Two Secrets to Happy Motherhood


How in the world did anyone manage motherhood without the endless advice of the internet?  It’s not just the mommy bloggers like yours truly.  Even the experts are online now, quoted in online magazines, news columns, and other articles.  Parents, and mothers in particular, have been deluged with advice for decades, and now it’s at our fingertips.  While information is a good thing–how can we make educated decisions if the information is not available?–there is also a problem of too much information from too many sources whose veracity and authority run from unimpeachable to highly questionable.  In the long run, this overflow of information has cause more stress and unhappiness than it has fixed.

Happiness can be simple, but don’t confuse that with easy.

When my oldest two or three were young, and certainly while navigating the teen years with my step-daughter, I second-guessed every decision I made.  No matter what I chose, it seemed wrong.  Was breastfeeding good?  What about extended breastfeeding?  I had to go back to work–what if that scarred her for life?  Was my teen sneaking out?  Would I know if she was?  Did I want to know?  There are at least a dozen answers to each question.  That doesn’t even address questions about self-care.  Do I need me-time?  Is it selfish to want a quiet walk with the dog?  What if I just don’t want to do the dishes tonight?

And the answer is . . . I don’t have a pat answer.  But I do have some advice to–hopefully–help you keep your sanity.

First: Do not fall into the comparison trap!  Comparison is the death of joy.  In our first few years of homeschooling, my oldest struggled with reading.  She would sound out a word–painstakingly–and on the next line, she would have to sound it out again.  At the beginning of second grade, a simple, six-sentence paragraph took her 45 minutes to work her way through.  When a child in public school has this problem, people either blame the school, assure you it will work out eventually, or recommend special education testing.  If the child is home schooled, people assume that the parent, as the teacher, is deficient or lazy, or both.  When a friend posted about her son, who was more than two years younger, reading his way through chapter books, I cried.  Compared to her and her son, I felt like my daughter and I were such failures.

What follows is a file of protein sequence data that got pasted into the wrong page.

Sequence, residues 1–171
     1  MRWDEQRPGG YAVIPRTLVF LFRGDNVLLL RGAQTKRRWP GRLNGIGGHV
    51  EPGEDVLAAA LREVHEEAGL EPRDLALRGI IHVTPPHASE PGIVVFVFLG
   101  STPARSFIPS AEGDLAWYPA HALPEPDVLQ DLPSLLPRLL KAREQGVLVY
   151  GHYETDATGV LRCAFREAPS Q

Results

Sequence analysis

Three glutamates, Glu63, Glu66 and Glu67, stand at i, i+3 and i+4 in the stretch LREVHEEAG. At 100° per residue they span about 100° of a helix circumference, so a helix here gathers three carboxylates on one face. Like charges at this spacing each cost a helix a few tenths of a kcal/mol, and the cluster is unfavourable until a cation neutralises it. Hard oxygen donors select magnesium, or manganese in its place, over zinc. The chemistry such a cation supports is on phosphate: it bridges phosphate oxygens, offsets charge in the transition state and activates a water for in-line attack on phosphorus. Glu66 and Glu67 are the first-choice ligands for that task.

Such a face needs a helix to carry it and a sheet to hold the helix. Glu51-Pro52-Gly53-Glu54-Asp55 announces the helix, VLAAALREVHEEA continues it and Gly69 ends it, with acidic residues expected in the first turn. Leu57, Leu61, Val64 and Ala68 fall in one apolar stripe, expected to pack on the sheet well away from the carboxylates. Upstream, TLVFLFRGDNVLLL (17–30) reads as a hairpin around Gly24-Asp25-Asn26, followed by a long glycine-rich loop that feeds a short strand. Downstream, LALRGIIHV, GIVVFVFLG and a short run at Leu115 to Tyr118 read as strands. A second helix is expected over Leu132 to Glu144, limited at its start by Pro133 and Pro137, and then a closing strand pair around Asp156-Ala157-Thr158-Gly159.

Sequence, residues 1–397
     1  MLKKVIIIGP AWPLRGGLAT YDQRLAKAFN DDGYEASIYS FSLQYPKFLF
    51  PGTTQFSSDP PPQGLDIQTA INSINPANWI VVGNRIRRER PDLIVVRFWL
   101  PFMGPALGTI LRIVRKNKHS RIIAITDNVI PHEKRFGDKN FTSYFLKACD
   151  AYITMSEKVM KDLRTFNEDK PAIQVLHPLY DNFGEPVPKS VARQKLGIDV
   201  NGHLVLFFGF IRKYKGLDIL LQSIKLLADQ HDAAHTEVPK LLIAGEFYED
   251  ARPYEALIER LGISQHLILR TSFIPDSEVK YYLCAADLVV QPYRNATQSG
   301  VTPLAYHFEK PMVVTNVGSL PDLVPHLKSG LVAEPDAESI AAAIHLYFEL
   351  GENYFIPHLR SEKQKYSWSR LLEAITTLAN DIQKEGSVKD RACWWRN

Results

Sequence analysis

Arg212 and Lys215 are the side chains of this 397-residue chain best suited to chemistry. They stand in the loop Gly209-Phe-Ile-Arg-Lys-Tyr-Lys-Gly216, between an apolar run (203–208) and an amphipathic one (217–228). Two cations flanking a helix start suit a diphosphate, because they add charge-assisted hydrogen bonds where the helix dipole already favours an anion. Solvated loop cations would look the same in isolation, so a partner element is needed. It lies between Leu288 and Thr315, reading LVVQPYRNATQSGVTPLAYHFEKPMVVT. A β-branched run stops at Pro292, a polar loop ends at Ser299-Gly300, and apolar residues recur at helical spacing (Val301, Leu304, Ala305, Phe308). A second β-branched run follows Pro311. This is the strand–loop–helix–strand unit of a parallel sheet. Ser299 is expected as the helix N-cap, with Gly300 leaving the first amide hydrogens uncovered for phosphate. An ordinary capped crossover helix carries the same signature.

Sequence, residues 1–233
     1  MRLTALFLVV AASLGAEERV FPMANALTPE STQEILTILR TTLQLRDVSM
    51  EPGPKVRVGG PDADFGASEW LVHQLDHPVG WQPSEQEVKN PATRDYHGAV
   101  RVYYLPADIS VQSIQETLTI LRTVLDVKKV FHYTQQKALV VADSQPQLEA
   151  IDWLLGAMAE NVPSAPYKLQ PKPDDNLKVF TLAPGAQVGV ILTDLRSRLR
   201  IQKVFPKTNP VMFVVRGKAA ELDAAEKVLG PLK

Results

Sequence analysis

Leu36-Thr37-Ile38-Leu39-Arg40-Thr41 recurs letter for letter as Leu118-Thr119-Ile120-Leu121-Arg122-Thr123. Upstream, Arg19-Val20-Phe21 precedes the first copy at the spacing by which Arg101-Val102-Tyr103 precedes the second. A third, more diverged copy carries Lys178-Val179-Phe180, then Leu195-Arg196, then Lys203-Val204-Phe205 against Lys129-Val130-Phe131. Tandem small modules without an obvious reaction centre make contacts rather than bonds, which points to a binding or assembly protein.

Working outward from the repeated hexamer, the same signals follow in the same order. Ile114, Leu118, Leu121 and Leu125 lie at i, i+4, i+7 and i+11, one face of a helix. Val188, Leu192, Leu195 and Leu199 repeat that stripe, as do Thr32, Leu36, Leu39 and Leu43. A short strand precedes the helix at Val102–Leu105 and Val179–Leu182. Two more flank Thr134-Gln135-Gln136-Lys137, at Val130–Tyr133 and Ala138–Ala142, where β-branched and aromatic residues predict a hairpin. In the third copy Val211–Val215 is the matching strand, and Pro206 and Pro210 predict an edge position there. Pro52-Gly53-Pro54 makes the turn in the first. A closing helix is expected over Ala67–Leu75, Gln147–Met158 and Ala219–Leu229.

This is not just a homeschooling problem, by the way.  Moms worry about when to potty train, when their baby sleeps through the night, weans, or walks.  If their child isn’t walking or talking as quickly as someone else’s, the worry starts in.  Comparing and worrying put the focus of our parenting on achieving outcomes.  They encourage us to overlook the individual needs and achievements of our children.

How different it is to look back at those reading troubles now, knowing that my oldest is dyslexic.  Now I can thank the internet for giving me information and resources that helped me work with my child’s neurological differences.  But it didn’t start with research  It started by not comparing her to anyone else and paying attention to what she could and couldn’t do.  Your children are yours, and you know them better than anyone.  Comparing them to others might help you realize that there is a problem, but it should not ever affect how you view their worth or your own.  That way lies misery.